+   4 people like this
Posted by Anne, a resident of Downtown North,
on Jun 8, 2018 at 5:48 pm

and would be built by non profit developers and administered as our current BMR funding is administered by Palo Alto Housing...

You imply this would remove the profit motive for developers, but it is clearly not the case. Does the "non-profit" employ its own construction team, source its own material s

A, etc. As well intentioned as they may be, they are a convenient vehicle for development interests to get greater density approved: density said interest will then profit from.

(portion deleted)


 +   20 people like this
Posted by mauricio, a resident of Embarcadero Oaks/Leland,
on Jun 8, 2018 at 7:05 pm

mauricio is a registered user.

Non profit developer is like hot ice, there is no such thing. This terrible idea would open the door to unprecedented corruption and is a ruse to usher in massive density in a town that is grossly overdeveloped.


 +   8 people like this
Posted by Rejected by bolinas , a resident of Community Center,
on Jun 8, 2018 at 9:26 pm

What Mauricio thinks about the bond is irrelevant as he no longer resides is Palo alto or even in Santa Clara county!


 +  Like this comment
Posted by Curmudgeon, a resident of Downtown North,
on Jun 8, 2018 at 9:34 pm

post deleted

The question asked is whether you support a bond for low and moderate income folks.

You answered yes.

the deleted part was irrelevant since people who make a lot of money are not eligible and was a cheap shot.


 +   4 people like this
Posted by stephen levy, a resident of University South,
on Jun 9, 2018 at 7:18 am

stephen levy is a registered user.

Anne,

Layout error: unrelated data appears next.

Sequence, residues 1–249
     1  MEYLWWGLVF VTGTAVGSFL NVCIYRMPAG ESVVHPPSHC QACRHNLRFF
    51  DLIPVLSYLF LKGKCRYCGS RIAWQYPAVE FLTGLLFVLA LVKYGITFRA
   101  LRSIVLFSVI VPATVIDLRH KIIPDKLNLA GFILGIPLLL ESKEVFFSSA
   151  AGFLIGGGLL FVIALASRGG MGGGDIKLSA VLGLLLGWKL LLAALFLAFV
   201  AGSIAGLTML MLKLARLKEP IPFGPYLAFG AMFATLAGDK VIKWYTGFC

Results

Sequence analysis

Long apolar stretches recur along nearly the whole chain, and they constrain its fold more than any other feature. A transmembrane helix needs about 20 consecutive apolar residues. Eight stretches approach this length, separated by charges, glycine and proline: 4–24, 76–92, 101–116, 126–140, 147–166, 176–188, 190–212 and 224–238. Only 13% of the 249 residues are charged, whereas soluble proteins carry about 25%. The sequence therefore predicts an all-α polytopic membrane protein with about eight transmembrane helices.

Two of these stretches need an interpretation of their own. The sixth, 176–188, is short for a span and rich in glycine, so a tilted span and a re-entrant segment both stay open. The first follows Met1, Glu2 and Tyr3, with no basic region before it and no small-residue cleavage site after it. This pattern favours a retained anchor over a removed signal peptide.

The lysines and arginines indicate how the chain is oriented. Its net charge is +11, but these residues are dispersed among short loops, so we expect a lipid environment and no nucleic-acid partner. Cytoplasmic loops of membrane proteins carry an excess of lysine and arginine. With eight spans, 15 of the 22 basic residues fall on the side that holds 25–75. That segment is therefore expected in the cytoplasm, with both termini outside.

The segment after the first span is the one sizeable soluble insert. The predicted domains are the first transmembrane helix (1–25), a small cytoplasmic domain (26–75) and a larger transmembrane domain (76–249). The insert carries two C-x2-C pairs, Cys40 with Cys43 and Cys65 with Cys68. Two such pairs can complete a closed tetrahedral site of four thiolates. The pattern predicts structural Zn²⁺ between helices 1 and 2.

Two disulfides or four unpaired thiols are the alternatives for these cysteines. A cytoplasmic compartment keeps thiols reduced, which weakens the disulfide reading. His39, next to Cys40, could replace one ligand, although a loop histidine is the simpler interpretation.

Your comment puzzles me.

Every week our consent calendar at council has $millions in contracts to private parties to help build, repair and maintain public facilities. Contractors also work for school districts and transportation agencies.

We have private firms help construct and upgrade schools, libraries, fire stations, roads and will for the public safety building.

Do you oppose these projects because contractors might make a profit? How is this any different from non profit housing organizations hiring contractors to build housing they will manage under federal rules for low and moderate income residents? Are you saying you want only public employees to work on construction projects where public money is involved?

In the bond I am proposing the non profit housing organizations and the public are the so-called "development interests" , not private developers.

I guess you do not approve of our city goal of increasing housing for low and moderate income residents. The bond proposal is one way of meeting that goal.


 +   7 people like this
Posted by Eric Rosenblum, a resident of Downtown North,
on Jun 9, 2018 at 7:21 am

I would be interested in such a housing bond, if well designed.

Of course, as you know, I also think that we have a number of zoning ordinances that make it difficult for affordable housing to get built, regardless of whether funds are available. And, even if those funds are available, it makes it difficult to spend them efficiently.


 +   3 people like this